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Historic Hospital Admission Records Project

GOSH

Charles West

Dr Charles West (1816-1898)

Young Dr Charles West

Charles West was the founder of the Hospital for Sick Children at Great Ormond Street. He was born in London on 8 August 1816, the second son of Ebeneezer West, sometime Baptist Minister and school proprietor at Chenies and Amersham in Buckinghamshire. At the age of fifteen, Charles West was apprenticed to a local doctor who had been apothecary at St George's Hospital. In 1833 he went to St Bartholomew’s Hospital (Bart’s) in the City of London to begin his medical training in earnest, and, two years later, went to the University of Bonn where he won first prize for an essay on female anatomy. His European education continued with spells in Paris (where he worked for a time at the Hôpital des Enfants Malades and the Hospice des Enfants Trouvés) and Berlin, culminating in his graduation as Doctor of Medicine in 1837.

His first venture into private practice in London was not successful, so he moved to Ireland to study midwifery before returning to Bart’s. His professional development continued: he was awarded the MRCP in 1842, and took up the post of physician at the Waterloo Road Dispensary for Women and Children. From this date, his work would be almost exclusively concerned with the health of women and children. He gained a second appointment at the Middlesex Hospital, but it was as the author of a series of lectures on the diseases of children, published in the Medical Gazette in 1847, and later collected into a best-selling book, that his reputation rested at this time. Although still employed at Bart’s, and in charge of a department of thirteen beds, the hospital never officially acknowledged his work, and he finally resigned in 1861.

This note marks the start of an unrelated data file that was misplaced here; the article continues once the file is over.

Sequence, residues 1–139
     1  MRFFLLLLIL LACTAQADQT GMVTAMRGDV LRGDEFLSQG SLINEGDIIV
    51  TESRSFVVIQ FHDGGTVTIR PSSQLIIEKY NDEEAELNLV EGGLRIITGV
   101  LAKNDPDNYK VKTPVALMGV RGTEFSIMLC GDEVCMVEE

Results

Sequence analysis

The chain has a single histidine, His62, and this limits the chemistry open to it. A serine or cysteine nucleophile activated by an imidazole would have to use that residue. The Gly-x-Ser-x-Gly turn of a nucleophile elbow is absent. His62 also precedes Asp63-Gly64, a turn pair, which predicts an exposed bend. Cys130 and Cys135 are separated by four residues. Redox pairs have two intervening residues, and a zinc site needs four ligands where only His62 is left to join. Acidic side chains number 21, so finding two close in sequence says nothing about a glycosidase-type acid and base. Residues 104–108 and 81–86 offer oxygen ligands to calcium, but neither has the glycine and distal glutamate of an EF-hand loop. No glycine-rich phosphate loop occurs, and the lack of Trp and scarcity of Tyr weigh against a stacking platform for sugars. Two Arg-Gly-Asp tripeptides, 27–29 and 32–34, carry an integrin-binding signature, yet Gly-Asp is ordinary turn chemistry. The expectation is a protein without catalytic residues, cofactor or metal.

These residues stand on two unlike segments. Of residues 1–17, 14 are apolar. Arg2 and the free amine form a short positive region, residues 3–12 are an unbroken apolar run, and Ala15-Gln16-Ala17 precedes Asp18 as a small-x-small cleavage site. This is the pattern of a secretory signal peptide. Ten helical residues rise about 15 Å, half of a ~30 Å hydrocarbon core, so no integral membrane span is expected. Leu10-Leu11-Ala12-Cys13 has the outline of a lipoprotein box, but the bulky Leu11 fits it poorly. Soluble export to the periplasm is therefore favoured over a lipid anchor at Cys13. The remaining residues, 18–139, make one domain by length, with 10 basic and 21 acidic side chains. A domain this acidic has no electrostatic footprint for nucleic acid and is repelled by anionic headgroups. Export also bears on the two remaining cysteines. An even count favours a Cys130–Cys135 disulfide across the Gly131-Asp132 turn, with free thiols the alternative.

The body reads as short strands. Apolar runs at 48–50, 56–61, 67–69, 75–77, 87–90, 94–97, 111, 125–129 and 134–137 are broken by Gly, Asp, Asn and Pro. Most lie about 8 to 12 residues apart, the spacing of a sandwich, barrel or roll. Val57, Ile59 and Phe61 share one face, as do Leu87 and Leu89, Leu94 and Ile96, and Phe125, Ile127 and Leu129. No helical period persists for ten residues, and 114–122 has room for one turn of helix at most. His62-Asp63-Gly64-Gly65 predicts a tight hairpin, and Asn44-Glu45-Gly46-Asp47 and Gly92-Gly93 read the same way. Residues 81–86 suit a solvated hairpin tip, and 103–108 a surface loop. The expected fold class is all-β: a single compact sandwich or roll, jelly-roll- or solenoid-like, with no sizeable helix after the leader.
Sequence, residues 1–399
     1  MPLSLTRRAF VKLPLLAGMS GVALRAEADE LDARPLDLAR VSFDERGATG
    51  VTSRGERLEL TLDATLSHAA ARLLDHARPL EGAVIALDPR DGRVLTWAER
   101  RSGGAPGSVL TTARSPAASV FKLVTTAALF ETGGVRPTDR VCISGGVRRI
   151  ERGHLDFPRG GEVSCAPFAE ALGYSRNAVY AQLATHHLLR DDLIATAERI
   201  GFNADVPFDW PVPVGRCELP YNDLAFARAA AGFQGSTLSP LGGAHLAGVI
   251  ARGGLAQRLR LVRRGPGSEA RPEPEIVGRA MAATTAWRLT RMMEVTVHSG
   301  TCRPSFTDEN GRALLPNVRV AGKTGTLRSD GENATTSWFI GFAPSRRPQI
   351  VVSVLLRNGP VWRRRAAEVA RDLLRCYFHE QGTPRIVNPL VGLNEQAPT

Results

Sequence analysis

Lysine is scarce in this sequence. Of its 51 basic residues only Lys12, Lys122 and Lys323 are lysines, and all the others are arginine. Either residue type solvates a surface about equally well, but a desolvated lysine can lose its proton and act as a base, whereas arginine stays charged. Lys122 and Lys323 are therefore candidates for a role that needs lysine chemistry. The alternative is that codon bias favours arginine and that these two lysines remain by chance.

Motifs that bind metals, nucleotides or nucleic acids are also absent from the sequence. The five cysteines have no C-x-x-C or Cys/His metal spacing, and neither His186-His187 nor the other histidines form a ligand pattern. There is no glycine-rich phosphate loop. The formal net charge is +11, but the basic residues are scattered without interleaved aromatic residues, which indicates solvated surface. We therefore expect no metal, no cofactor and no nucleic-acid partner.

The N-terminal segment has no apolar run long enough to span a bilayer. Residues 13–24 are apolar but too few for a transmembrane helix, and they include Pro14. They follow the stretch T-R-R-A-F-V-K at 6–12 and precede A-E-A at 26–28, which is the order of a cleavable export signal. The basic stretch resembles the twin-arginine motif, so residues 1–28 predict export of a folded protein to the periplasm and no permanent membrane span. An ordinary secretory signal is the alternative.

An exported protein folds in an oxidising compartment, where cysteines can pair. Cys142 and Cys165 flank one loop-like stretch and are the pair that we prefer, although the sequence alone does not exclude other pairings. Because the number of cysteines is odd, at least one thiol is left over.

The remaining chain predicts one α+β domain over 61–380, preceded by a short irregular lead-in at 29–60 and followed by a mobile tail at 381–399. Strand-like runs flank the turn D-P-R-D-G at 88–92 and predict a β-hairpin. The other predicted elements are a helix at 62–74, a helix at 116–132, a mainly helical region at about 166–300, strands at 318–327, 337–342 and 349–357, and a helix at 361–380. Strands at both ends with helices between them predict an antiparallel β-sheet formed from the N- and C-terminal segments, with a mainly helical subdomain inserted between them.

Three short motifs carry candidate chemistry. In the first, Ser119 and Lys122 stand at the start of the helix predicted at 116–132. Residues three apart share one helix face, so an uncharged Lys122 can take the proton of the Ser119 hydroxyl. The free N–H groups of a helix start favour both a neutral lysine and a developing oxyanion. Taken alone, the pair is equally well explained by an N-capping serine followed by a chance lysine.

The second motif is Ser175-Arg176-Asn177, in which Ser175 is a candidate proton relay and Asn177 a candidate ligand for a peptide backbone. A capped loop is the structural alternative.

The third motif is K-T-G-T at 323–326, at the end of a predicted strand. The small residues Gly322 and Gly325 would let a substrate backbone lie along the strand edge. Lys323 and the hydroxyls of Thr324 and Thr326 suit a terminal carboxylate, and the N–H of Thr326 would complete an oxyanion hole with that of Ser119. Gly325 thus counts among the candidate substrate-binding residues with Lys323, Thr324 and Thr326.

Throughout the 1840s he had been trying to interest the London medical establishment in setting up a hospital for children. His early attempts to persuade the governors of the Waterloo Road Dispensary to open a ward there for inpatients had failed, and in 1849 he began a systematic campaign to persuade every physician in the metropolis as to the necessity of an inpatient hospital dedicated to the care of sick children. He backed up his arguments with data from his wide network of contacts in Europe, and the annual mortality reports of the Registrar General. (See Dr West’s Arguments in Favour of Establishing a Hospital for Sick Children.) With the help of some very influential friends and colleagues he began to make progress. Dr Henry Bence Jones lent him his house for meetings, raised funds, and gave him access to the charitable elite of the capital, including Lord Ashley.

Charles West as an older man

After a long campaign, and in the face of many doubters and critics, on 14th February 1852, the Hospital for Sick Children was opened at 49 Great Ormond Street, with Charles West as its first physician. He held this post until 1875, when he resigned, and was appointed consulting physician. His extensive library of medical works was donated to the hospital, and he continued to be a prolific and popular author. However, his relationship with the hospital had broken down by 1877, when, after a series of highly publicised disagreements with the Management Committee, he resigned his consultancy and returned to private practice. It is often the way that the force of personality required to begin a venture precludes that individual from working comfortably with other people. It is also possible that his conversion to Roman Catholicism caused difficulties with his colleagues, who worried about the potential for introducing ritualism into the Hospital. Ill health took him to Nice each winter from 1880, and he died in Paris on his return from the south of France in 1898.